The Fitzpatrick Scale and SPF
We should all be wearing SPF every day all year round. That’s because UV (ultraviolet) radiation is present every day – even in the winter – and can also penetrate glass. It’s well known that over-exposure to UV rays can cause all sorts of serious damage to your skin, from dullness to pigmentation to skin cancer. In fact, it’s estimated that sun exposure is responsible for 80-90% of extrinsic skin ageing. In other words, protecting your skin from the sun won’t just keep it healthy, it will help to prevent multiple signs of premature ageing, including dryness, wrinkles, sagging and dark spots. But with so much choice available, how does anyone choose the best SPF for their skin?
What is the Fitzpatrick Scale?
Developed back in 1975 by dermatologist Thomas B Fitzpatrick, the Fitzpatrick Scale is a widely used method of classifying the amount of pigment in a person’s skin, and its reaction to sun exposure (primarily how much/how quickly someone would tan or burn without wearing any SPF).
The Fitzpatrick Scale is used in many different ways. For example, it allows dermatologists to assess a patient’s skin cancer risk. It allows aestheticians to calculate safe doses of laser for hair removal or scar treatments. And it can be used to assess the risk of premature skin ageing from the sun.
How does the Fitzpatrick Scale work?
The Fitzpatrick Scale features six different skin types, all of which are based on skin colour, and how it reacts to sun exposure.
Type I: The palest shade, this type of skin always burns, and never tans. It also tends to freckle easily, and is often accompanied by red or blonde hair.
Type II: Also fair in colour, this skin type usually burns, usually freckles and tans minimally. It’s typically accompanied by blue, grey or green eyes.
Type III: This skin type tans uniformly, but sometimes burns mildly. Hazel or light brown eyes are typical.
Type IV: Usually an olive or light brown skin tone, this skin type tans easily and burns minimally. It’s generally accompanied by brown hair and brown eyes.
Type V: Typically dark brown in colour, this skin tone tans easily and rarely burns. Hair and eyes are typically dark brown too.
Type VI: This is the darkest skin colour. Deeply pigmented, its tans deeply, never burns and never freckles.
Some people may not fit exactly into one category, so think of these skin types as a useful guideline. For example, some skin types might look quite fair, yet tan quite easily. So it’s important to focus on what actually happens to your skin when it’s exposed to the sun, and not just on its appearance.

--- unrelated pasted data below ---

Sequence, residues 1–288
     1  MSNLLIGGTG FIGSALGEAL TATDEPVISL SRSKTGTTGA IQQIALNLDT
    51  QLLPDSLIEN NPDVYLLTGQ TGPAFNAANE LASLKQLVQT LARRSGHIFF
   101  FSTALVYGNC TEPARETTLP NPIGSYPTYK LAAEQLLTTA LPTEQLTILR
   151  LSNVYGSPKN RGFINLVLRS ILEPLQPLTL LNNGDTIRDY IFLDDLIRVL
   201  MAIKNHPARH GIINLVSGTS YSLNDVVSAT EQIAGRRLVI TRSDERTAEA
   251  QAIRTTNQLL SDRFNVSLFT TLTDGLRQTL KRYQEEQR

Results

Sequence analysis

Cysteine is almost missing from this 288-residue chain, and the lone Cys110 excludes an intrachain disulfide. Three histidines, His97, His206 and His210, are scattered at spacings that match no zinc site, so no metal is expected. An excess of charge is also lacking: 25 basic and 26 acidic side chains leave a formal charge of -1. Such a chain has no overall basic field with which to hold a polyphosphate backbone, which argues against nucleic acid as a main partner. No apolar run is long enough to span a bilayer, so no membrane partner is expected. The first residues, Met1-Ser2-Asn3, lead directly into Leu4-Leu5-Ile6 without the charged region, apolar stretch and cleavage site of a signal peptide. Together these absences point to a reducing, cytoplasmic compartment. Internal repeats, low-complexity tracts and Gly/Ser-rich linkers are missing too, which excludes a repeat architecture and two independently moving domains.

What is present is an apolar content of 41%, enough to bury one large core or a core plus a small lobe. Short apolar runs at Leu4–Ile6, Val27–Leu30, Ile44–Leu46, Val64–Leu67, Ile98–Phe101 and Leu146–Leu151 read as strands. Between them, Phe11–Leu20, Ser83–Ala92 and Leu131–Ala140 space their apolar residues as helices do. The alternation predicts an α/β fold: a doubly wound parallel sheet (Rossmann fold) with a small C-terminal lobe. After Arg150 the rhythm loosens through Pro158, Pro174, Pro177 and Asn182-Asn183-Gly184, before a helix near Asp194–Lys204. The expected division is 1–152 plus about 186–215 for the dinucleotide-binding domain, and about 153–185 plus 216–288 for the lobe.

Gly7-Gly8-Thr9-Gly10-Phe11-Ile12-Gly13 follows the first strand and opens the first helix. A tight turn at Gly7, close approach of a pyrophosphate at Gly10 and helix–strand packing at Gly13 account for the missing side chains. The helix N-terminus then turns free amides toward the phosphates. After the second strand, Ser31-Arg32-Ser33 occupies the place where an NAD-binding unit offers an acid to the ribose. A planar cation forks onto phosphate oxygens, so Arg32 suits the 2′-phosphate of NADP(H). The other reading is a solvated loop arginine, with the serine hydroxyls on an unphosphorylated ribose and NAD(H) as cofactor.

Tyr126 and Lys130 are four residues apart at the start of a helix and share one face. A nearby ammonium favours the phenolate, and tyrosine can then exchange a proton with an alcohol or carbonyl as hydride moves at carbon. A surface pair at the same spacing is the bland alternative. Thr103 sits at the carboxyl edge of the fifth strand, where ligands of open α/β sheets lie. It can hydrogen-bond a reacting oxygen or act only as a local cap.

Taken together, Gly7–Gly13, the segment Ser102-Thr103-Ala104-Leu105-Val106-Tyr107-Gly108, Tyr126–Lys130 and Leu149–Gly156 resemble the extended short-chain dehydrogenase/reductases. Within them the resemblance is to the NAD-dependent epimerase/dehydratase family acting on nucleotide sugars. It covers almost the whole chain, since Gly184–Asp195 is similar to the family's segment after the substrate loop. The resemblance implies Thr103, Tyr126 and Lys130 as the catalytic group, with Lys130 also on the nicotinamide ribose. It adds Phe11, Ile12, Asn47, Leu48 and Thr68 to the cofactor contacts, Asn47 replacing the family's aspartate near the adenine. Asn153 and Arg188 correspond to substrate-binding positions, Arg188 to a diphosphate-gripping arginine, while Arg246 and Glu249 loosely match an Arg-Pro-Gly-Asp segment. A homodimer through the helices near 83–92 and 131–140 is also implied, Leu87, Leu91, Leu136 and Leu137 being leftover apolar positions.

Why is the Fitzpatrick Scale important?
Identifying your Fitzpatrick skin type is important, because it helps you to make better decisions about how to take care of your skin, in and out of the sun. Obviously, skin types I-III are most at risk of developing skin cancer and visible signs of premature ageing. But it doesn’t mean that darker skin types can safely skimp on sun protection. Skin types IV-VI seldom burn, but are prone to hyperpigmentation, which SPF can help to prevent. In addition to sunscreen, all skin types can benefit from seeking shade and/or covering up when the sun is at its hottest.
However, It’s obvious that skin types I-III do need to be extra vigilant. High-factor, broad spectrum sun protection is a must – at least SPF30. These skin types are often thinner and more sensitive than types IV-VI, and are usually best suited to non-irritating formulas that incorporate added humectants/moisturisers, antioxidants, pollution shields and blue light defence. Look out for face-specific formulas, as they are more likely to include added active ingredients that address issues such as hydration and pigmentation.
How much sunscreen should I apply?
Regardless of their Fitzpatrick Scale skin type, most people don’t apply enough sunscreen. But applying SPF too thinly – or not frequently enough – significantly diminishes the protection it affords. Use at least two teaspoons for your face, neck and lower arms – and at least two tablespoons for the rest of your body. Always remember how well your skin is protected depends not just on the SPF, but how well you apply it. If in doubt, be generous! And always allow your sunscreen to fully absorb/dry down before sun exposure (15 minutes is generally recommended)
Reapplication is also crucial. In general, you should reapply sunscreen at least every two hours for consistent protection – especially if your Fitzpatrick Scale skin type is I-III. Reapply more often if you’re exercising outdoors, sweating or swimming.
What is the difference between physical and chemical sunscreens?
In simple terms, physical filters protect the skin physically with a layer or barrier, so UV rays find it harder to penetrate the skin and cause damage. Conversely, chemical filters absorb UVA and UVB rays, so that your skin cells don’t have to. Each type has different advantages and disadvantages.
Physical (also known as mineral) sunscreens are generally regarded as being more suitable for red, irritated or sensitive skin. They tend to be thicker and fast-acting, but the minerals most commonly used – zinc oxide and titanium oxide – can leave an ashy/chalky residue on the skin, which may not be suitable for Fitzpatrick Scale types IV-VI.
Chemical sunscreens sink into the skin and absorb the sun’s rays before they penetrate and cause damage. They are often lighter than physical formulations, but because they turn energy into heat, they can irritate post-procedure or very sensitive skin.